• Symptoms: Changes in the pattern of urination (polyuria), nocturia, pain / burning, difficulty urinating (infection), UTI new / recurrent abdominal tenderness, diarrhea.
  • Signs: Urine thin, pale, yellow, polyuria (may progress to oliguria / anuria, if there is severe hypovolemia), cloudy urine, odor (infection), hard abdomen, presence of ascites, weakness and decreased bowel sounds, hyperactive (diarrhea).

Nutrition / Fluids
  • Symptoms: Loss of appetite, nausea / vomiting, do not comply with the diet, increased input glucose / carbohydrate, weight loss of more than a few days / weeks, thirst, diuretic use.
  • Signs: Dry skin / scaly, ugly turgor, stiffness / abdominal distension, vomiting, enlargement of the thyroid (increased metabolic demands with increased blood sugar), odor halisitosis / sweet smell of fruit (acetone breath)

Neuro-sensory
  • Symptoms: Dizziness, headache, tingling, numbness, muscle weakness, paresthesia, visual disturbances.
  • Signs: Disorientation, drowsiness, allergies, stupor / coma (stage), memory impairment (new, past), messed up mentally, decreased deep tendon reflexes (coma), seizure activity (stage of Diabetic Ketoacidosis).

Pain / comfort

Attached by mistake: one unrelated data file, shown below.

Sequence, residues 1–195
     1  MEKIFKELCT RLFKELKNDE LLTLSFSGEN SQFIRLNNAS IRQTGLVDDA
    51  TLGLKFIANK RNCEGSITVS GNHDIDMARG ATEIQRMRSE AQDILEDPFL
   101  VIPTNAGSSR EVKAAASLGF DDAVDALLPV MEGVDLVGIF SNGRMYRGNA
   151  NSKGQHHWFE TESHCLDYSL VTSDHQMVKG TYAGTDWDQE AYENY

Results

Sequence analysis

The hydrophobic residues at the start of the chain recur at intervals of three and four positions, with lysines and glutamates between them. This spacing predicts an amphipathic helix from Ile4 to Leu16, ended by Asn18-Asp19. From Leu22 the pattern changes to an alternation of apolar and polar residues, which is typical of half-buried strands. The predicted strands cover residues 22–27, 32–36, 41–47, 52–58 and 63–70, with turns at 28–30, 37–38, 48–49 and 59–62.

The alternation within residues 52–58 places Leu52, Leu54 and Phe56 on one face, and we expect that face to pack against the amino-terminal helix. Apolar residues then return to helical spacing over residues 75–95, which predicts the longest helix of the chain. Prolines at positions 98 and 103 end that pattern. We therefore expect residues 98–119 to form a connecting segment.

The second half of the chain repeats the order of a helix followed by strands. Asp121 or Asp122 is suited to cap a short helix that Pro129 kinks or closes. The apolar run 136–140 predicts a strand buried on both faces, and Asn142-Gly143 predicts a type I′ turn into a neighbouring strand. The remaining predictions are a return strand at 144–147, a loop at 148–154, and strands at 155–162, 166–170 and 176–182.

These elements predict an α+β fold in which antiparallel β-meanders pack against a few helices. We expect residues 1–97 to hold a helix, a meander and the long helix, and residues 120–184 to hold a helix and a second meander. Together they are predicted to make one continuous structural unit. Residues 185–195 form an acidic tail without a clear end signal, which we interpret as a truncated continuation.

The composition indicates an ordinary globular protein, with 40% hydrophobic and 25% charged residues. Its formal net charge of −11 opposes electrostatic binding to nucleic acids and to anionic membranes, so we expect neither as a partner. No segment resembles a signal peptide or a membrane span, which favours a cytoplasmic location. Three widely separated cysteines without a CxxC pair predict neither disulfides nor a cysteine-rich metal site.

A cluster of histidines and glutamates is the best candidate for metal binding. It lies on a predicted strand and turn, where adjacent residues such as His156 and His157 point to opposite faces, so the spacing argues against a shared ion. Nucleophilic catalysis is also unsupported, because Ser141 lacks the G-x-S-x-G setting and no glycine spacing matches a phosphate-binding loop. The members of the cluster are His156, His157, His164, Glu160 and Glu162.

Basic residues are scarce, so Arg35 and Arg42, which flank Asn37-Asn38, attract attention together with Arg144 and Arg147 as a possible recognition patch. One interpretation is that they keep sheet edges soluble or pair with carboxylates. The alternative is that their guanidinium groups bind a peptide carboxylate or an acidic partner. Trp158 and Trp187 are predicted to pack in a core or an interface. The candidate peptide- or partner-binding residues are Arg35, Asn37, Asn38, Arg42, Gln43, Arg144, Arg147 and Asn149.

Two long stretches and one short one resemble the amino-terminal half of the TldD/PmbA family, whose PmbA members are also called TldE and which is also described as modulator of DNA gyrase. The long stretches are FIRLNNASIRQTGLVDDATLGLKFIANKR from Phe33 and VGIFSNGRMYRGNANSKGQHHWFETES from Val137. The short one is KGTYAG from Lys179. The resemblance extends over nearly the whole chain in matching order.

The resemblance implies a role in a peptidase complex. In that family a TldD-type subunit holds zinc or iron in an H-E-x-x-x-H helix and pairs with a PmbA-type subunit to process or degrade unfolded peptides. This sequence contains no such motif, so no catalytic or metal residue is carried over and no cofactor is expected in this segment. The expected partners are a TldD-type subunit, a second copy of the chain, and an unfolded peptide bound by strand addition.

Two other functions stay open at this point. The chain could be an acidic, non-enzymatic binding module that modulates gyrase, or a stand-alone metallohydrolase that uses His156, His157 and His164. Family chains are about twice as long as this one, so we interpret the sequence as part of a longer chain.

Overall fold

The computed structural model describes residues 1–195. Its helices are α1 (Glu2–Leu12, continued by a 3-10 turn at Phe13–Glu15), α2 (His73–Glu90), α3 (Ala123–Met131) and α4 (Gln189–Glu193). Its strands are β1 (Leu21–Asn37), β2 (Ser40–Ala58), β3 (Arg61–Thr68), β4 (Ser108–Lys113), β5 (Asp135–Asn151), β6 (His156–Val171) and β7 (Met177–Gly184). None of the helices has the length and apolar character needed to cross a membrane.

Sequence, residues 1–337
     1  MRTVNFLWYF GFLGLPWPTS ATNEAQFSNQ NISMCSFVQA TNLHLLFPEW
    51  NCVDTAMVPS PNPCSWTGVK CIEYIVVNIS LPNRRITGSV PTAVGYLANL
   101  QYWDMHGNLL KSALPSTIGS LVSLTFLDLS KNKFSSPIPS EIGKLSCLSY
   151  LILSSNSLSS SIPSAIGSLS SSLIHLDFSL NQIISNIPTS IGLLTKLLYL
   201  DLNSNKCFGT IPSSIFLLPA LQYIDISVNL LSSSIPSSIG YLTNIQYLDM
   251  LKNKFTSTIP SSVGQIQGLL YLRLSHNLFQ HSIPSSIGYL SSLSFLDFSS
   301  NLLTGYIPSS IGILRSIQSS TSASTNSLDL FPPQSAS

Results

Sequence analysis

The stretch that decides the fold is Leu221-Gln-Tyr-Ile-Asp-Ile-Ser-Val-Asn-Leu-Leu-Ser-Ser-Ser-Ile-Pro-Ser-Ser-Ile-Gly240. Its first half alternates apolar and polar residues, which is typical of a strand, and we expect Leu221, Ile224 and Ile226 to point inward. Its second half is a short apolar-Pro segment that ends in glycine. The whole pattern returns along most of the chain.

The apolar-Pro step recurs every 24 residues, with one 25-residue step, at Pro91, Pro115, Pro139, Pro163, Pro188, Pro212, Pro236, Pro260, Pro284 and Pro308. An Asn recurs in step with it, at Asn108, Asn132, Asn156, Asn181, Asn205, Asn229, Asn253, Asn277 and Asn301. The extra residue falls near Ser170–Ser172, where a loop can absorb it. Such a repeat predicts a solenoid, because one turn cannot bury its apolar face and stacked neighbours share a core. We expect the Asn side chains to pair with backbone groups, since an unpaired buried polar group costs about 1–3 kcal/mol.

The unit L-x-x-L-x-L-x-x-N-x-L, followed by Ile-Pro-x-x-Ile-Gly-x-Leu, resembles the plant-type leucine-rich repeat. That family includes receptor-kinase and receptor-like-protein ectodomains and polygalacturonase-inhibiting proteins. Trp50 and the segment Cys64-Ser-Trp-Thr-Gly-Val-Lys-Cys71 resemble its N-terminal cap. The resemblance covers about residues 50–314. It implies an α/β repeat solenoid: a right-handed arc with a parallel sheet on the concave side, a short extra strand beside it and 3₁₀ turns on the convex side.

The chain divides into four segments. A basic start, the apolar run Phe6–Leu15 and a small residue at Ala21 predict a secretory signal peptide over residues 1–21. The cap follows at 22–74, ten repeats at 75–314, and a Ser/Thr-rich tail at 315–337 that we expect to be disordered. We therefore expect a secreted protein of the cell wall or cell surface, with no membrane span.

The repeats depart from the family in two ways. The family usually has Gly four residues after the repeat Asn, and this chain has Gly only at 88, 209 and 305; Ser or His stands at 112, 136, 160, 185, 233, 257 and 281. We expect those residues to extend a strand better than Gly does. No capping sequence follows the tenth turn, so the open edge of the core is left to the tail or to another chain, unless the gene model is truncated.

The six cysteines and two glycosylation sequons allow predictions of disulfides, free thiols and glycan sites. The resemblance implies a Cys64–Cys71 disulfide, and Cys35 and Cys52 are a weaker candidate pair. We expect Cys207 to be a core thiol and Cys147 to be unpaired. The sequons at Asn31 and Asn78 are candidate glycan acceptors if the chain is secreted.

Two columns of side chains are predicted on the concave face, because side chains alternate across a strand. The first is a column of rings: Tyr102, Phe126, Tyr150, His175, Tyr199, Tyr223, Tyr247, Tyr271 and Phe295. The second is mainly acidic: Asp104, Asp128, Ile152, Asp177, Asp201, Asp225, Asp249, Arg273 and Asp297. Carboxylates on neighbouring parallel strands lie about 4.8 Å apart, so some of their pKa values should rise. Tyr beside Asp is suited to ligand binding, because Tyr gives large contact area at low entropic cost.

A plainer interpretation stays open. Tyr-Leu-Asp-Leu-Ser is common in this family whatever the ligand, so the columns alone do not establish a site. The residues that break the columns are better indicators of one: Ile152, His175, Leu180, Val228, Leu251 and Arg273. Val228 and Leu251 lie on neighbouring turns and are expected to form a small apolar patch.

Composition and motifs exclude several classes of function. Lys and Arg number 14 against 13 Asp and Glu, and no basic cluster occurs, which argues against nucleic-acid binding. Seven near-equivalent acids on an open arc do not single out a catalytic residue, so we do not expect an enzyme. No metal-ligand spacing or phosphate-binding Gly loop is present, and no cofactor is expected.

• Symptoms: Abdomen tense / pain (moderate / severe)
  • Signs: face grimacing with palpitations, looks to be very careful

Respiratory
  • Symptoms: Feeling a lack of oxygen, cough with / without purulent sputum (depending on the presence of infection / no)
  • Signs: Hungry air, cough with / without purulent sputum, increased respiratory rate.
Security
  • Symptoms: Dry skin, itching, skin ulcers.
  • Symptoms: Fever, diaphoresis, damaged skin, lesions / ulcerations, decreased general strength / range of motion, paresthesias / paralysis of muscles, including the respiratory muscles (if potassium levels declined sharply).
Sexuality
  • Symptoms: vaginal discharge (likely an infection).
  • Problems impotence in men, orgasm difficulties in women.

Guidance / learning
  • Symptoms: family risk factors diabetes, heart disease, stroke, hypertension. Healing is slow, or may not need to order diabetic medication. Repatriation plans: Possibly need help in diet, medication, self-care, monitoring of blood glucose.